The libelous and conjecture-filled offseason is in full swing and the Dutch Ovens are steaming! From every good Hot Stove comes a delicious Hot Knife, guaranteed to make your thinking hazy and unclear. There is a chance that Hot Knives will mess you up like a bad accident.
We here at Walkoff Walk will pack the hole in our crystal ball with some gum and electrical tape and look beyond the Hot Stove. The Hot Knives Report will evaluate the on- and off-field impact of trades and signings (both real and conjured) to teams too busy with their new toys to worry about the cost.
Today, the biggest fish left in the pond: Mark Teixeira.
Here's the thing with Mark Teixeira. He's good. Everyone knows this. He's a fine hitter, excellent first baseman, a solid citizen and churrasqueira enthusiast. He ranked in the top 10 in exotic rate stats like OPS, wOBA (weighted on base average, read more here), BB/K, and WPA/LI in addition to accumulating enough home runs and RBIs to make any old codger's heart sing. He even has good "clutch" stats! He's still only 28 years old.
But for whatever reason, the thought of Mark Teixeira making in upwards of $20 million dollars a year just doesn't sit right. Mark Teixeira is, at the same time, everything that is both right and wrong with professional sports. He goes out, puts forth a "professional effort" offering a "professional contribution", and goes home. He will turn from a small market casualty to a free market mercenary literally overnight. His association with Scott Boras and the doubtless riches he's bound to see will place expectation upon him that he can't possibly match, no matter how well he performs. He's the sabrmetrican's dream and the heart, hustle and intangibles set's worst nightmare. Refreshingly free of any hint of branding, guile, or personality.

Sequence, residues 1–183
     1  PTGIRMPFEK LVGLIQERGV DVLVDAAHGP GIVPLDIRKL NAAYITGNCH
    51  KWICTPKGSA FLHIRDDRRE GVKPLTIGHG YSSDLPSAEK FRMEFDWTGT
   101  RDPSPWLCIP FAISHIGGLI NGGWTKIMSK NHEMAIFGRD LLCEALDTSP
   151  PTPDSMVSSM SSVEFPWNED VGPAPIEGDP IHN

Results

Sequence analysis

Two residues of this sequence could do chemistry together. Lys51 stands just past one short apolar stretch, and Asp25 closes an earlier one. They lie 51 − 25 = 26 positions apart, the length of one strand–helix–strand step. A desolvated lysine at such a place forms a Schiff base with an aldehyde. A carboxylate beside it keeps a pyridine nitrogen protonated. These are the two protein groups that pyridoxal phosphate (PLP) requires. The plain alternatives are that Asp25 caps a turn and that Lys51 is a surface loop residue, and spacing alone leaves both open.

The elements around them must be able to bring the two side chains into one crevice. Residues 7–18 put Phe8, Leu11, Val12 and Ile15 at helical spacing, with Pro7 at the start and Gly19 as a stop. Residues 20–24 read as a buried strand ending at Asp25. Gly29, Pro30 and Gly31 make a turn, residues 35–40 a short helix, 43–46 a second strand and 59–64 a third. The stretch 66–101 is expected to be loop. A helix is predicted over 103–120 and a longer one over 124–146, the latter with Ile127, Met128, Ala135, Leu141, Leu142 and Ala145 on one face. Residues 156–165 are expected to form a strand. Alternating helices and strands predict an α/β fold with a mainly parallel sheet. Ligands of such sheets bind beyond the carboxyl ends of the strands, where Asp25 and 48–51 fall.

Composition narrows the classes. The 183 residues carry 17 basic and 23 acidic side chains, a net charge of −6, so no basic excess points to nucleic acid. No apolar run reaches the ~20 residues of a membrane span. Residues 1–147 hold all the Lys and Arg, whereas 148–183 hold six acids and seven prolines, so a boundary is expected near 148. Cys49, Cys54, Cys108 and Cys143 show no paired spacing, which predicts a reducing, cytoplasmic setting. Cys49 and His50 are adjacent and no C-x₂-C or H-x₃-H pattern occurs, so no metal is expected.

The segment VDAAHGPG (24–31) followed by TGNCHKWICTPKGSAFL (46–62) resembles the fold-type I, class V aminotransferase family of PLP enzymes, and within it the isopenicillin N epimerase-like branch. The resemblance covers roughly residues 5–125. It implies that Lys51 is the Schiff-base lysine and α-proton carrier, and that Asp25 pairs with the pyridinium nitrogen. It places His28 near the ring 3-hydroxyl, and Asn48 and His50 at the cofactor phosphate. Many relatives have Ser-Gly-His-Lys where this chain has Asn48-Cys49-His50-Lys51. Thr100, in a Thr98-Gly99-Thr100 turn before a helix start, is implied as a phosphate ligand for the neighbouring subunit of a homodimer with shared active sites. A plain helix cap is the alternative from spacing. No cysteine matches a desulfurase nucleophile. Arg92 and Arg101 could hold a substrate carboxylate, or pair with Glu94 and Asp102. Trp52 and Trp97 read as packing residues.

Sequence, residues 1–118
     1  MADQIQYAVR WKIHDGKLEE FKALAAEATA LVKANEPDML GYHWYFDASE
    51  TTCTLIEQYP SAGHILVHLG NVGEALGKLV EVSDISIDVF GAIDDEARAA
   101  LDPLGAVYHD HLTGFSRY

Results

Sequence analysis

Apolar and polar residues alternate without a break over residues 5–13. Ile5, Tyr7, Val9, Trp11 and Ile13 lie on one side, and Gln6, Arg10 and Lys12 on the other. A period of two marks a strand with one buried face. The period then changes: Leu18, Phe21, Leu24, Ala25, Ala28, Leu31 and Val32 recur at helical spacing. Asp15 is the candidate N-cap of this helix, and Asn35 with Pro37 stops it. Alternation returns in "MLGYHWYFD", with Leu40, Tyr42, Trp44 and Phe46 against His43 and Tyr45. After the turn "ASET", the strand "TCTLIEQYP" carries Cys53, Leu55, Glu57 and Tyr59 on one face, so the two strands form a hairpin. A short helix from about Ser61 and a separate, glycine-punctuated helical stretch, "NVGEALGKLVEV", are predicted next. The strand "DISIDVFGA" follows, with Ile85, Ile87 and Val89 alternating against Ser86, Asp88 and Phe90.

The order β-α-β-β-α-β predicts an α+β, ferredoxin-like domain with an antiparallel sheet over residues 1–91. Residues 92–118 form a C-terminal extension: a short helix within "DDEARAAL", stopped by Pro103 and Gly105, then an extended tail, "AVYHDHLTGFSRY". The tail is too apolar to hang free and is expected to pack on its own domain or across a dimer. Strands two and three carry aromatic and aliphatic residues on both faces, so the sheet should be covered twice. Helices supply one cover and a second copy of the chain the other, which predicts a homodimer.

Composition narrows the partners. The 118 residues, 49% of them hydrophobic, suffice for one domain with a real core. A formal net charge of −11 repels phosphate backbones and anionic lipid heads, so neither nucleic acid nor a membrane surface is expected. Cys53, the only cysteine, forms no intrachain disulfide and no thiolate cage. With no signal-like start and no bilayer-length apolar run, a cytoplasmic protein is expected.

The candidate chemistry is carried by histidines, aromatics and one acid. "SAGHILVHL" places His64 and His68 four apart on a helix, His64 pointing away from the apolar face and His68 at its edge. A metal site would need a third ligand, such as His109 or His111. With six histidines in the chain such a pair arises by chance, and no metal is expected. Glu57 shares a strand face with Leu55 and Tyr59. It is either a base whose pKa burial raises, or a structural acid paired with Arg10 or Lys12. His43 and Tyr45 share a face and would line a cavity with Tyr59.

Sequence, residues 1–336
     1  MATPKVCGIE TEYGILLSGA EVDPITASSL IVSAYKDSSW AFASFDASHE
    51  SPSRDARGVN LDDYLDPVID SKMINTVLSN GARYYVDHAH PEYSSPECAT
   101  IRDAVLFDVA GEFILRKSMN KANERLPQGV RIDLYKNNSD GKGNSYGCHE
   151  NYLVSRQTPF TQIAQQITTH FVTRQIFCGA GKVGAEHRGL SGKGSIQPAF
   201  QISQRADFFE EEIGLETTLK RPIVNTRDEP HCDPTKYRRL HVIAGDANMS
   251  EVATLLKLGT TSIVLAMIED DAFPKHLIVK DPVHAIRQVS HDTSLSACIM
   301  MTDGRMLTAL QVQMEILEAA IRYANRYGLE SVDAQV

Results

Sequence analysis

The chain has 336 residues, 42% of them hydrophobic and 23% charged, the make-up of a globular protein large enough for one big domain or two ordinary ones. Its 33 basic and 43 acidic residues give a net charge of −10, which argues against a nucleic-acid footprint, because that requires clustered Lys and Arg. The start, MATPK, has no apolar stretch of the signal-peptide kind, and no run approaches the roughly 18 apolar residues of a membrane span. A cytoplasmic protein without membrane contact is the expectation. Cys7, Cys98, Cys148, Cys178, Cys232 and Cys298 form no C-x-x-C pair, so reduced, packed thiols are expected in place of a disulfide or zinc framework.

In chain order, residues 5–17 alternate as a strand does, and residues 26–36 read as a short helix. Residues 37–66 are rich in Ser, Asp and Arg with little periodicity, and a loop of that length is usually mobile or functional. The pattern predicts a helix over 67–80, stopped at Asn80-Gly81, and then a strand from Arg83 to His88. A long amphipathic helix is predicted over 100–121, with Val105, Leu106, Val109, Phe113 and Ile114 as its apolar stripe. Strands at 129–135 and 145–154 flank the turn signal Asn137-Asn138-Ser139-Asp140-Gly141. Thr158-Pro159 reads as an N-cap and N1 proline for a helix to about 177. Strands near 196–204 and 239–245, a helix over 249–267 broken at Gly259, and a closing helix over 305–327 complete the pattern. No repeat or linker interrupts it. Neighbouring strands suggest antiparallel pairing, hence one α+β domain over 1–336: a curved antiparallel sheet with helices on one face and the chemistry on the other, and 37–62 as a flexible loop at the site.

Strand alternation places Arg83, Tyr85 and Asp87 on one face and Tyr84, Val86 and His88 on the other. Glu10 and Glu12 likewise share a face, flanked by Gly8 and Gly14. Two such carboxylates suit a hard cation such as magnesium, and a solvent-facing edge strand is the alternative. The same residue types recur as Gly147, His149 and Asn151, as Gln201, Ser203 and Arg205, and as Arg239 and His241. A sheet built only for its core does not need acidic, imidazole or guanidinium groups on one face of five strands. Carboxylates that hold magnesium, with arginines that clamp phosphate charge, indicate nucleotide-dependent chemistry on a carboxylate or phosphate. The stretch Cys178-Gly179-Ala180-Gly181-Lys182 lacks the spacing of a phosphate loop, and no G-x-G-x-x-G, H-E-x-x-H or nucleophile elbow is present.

The teams in pursuit of Teixeira change depending on the day, but mostly commonly rumoured are Baltimore, Washington, Anaheim, Boston and the Yankees. Only Anaheim would have spared him undue suffering. The microscopes of Boston and New York could vault Tex into the stratosphere of super-stardom that he may just deserve. They are just a likely to provide two ravenous franchises with a focal point for their scorn should he fail to deliver in the manner expected of such a lavishly paid young man.
The Nats and Os are looking for a hometown boy to swoop in and save their moribund franchises. Become the face of the franchise while leading them up from the depths of their respective divisions. A virtual impossibility for any one player, no matter their quality. A task made only more difficult with such a large percentage of mid-level clubs' payroll tied up in one
big name player.
Is he really a superstar? Of course he's good, excellent even. He gives his team a significantly better chance to win any time he's in the lineup, but there are plenty of players just like that. He's inferior to Albert Pujols in nearly every way, but who isn't? He's going to be rich (note: he already was) and he'll make your team better. But he will divide the fanbase and send radio call-in bros into paroxysms of fiscal indignation, no matter how many parades he attends.
He is the human Rorschach test, you've already decided how you'll see him.